Stone World

A long-time producer of Texas limestone

July 1, 2008
Texas Quarries - a producer of Cordova Cream and Lueders limestone - has been in operation since 1929. The company’s mill is located in Cedar Park, TX.


For nearly 80 years, Texas Quarries has been a reliable source of Texas limestone. With two quarries and a large-scale fabrication mill, the Cedar Park, TX-based operation has been producing Cordova and Lueders limestone since 1929. The company is owned by Acme Brick and is a subsidiary of Berkshire-Hathaway.

“Our Armadillo quarry is where we quarry Cordova Cream,” said Robert Copeland, production manager of Texas Quarries, who has been with the company for 23 years. “We quarry the ‘White Stone Lens’ on top of the Edwards Formation.”

Additionally, Cordova Shell Stone is extracted from the Armadillo site. “We pull off about 6 to 8 feet of [Cordova] Cream and then there is 4 feet of Shell [Stone] on the bottom,” said Copeland.

The quarry that produces Lueders limestone sits in the Abilene area of Texas. “Lueders is small scale compared to our Cordova Cream,” explained Copeland. He also explained that one ledge of the Lueders quarry produces a very unique material, which Texas Quarries calls Sea Trace limestone. The fossilization in this stone, which is a random crisscross pattern, was formed by a type of ancient worm called “Planolites” and a shrimp called “Thalassinoides.”

“It is very expensive, and it is very hard,” said Copeland. In one high-profile application, the material was incorporated into the design of the Student Union Building at Texas Tech in Lubbock, TX, which was designed by Holzman Moss Architecture of New York.



Critical to the production process are three belt saws - one from Park Industries of St. Cloud, MN, and two from Standish Steel Inc. of Bedford, IN.

Fabricating the limestone

As with many businesses that have been in place for a number of years, Texas Quarries has experienced changes throughout the decades. When touring the mill today, it is apparent that high quality and efficiency are top priorities. Upgrades in equipment are responsible for increased production.

Critical to the production process are three belt saws - one from Park Industries of St. Cloud, MN, and two from Standish Steel Inc. of Bedford, IN. “In 1993, we put in the belt saws and shut down five gangsaws,” said Copeland. “When it comes to limestone, [a belt saw] is the cat’s meow.”

The production manager went on to say that the belt saws will cut 15 to 16 inches per minute on an 8- or 9-foot block. “Our material is fairly soft, so we get a lot of life out of our diamonds,” he said. “We are in the process of automating the saws so we don’t have to have an operator, and we can run them all night.”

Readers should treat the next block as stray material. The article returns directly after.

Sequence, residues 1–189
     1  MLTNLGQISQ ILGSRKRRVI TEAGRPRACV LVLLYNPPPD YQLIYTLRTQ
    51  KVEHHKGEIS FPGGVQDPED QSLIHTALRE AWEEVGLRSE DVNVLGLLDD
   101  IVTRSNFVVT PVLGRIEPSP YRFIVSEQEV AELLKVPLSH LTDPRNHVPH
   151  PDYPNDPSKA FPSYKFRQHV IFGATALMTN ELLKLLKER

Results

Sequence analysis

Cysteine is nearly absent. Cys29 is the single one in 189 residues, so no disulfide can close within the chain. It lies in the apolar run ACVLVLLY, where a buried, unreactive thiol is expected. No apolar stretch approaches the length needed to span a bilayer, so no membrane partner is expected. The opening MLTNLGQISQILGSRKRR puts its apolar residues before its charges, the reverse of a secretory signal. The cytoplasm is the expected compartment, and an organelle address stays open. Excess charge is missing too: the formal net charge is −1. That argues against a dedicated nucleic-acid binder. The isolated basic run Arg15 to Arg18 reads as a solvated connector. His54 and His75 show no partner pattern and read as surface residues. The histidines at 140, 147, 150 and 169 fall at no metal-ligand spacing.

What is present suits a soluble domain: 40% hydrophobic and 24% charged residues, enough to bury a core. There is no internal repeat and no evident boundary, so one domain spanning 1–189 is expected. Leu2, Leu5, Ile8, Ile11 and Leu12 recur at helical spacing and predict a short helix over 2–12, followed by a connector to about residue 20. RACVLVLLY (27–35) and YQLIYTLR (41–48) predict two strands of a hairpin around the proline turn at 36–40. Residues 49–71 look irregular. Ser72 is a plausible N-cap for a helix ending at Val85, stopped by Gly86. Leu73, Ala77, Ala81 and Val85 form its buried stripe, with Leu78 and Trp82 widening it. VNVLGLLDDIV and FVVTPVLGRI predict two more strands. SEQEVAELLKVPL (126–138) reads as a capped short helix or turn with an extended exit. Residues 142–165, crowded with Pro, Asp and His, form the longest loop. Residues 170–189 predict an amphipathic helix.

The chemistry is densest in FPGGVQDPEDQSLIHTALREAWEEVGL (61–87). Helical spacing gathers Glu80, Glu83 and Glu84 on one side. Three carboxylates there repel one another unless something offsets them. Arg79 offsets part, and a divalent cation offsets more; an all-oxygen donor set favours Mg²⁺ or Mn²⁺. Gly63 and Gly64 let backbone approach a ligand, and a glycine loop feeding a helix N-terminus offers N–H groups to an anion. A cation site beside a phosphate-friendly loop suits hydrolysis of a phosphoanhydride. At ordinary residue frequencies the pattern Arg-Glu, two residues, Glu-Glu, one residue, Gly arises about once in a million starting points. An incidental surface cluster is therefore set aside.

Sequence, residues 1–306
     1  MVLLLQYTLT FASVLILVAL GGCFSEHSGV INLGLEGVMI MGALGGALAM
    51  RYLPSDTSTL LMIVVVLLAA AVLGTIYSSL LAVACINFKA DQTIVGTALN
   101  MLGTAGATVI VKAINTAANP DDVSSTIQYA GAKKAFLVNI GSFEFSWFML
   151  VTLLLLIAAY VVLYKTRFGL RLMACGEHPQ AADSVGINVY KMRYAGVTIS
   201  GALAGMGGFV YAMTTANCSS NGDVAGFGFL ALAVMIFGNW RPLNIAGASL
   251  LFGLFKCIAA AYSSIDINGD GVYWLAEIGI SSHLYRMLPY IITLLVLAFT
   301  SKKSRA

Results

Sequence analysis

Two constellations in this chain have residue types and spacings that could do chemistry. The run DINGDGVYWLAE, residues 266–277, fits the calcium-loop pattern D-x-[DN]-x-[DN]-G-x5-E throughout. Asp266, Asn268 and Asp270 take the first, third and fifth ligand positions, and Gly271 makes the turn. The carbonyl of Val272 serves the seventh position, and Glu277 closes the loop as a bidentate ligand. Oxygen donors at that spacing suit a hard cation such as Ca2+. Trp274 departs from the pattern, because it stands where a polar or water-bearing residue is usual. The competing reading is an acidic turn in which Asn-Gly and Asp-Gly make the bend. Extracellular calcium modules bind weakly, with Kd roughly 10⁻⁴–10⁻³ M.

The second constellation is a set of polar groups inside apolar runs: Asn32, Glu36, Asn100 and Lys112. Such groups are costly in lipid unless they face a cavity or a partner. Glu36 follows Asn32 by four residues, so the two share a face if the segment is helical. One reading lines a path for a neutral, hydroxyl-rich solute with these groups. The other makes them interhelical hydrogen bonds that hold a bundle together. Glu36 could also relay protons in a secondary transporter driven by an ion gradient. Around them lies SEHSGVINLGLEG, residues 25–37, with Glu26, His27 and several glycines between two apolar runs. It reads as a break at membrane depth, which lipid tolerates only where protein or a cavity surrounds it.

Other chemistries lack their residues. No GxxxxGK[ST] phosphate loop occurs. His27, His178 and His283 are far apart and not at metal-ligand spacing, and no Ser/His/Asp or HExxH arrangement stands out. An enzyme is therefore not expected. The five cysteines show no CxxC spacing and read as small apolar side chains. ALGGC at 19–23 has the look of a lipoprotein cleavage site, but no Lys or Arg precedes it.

Another addition to the mill that has increased Texas Quarries’ productivity is a Park Industries Infinity® CNC machine, which is ideal for creating curved or straight stone profiles such as archways, coping, column caps and sills. “The Infinity is an excellent way to shape limestone,” said Copeland. In fact, after the CNC was first installed, workers tested it out by creating a limestone sign with the company’s name carved into it.

Additional equipment used in the limestone fabrication process include splitters from Park Industries and Cee-Jay Tool Co. and planers that are used for surface treatments. Various hand tools are also utilized for finishing work.

Texas Quarries is also environmentally conscious, and as a result, the company recycles its water with a man-made pond on its property. A filter press is used to take the solids out of the slurry, and then the water is reused in the mill.



The addition of an Infinity® CNC machine from Park Industries of St. Cloud, MN, has increased Texas Quarries’ productivity.

Marketing its products

According to Copeland, Texas Quarries caters to both the residential and commercial markets. “We do mostly custom homes and high-end residential work. [Also], we specialize in universities,” he said.

Copeland explained that the town of Cedar Park has experienced massive growth in recent years. “In the last 20 years, [the town] went from one high school and two elementary schools to four high schools and 20 elementary schools,” he said. “This is one of the fastest growing areas.”

Many of Texas Quarries’ 70 employees have been working for the company for many years. “In the old days, you either cut Cedar or you worked in the stone mill,” said Copeland.

Last year, the company fabricated 800,000 square feet of limestone products. And while this is a drop from previous years due to a slower market, Texas Quarries still remains busy. On average, there will be three to four major projects going on at one time, as well as 12 to 24 smaller jobs. At the time of Stone World’s visit, work was being done on a large limestone sign for the Liberty Hill Panthers high school football team, which captured the AAA Division II Football State Championship in 2007.

Some high-profile projects completed by the company include City Hall in Grapevine, TX; Opus Winery in Napa Valley, CA; F.W. Olin Building at Southwestern University in Georgetown, TX; and an MCI building in Richardson, TX.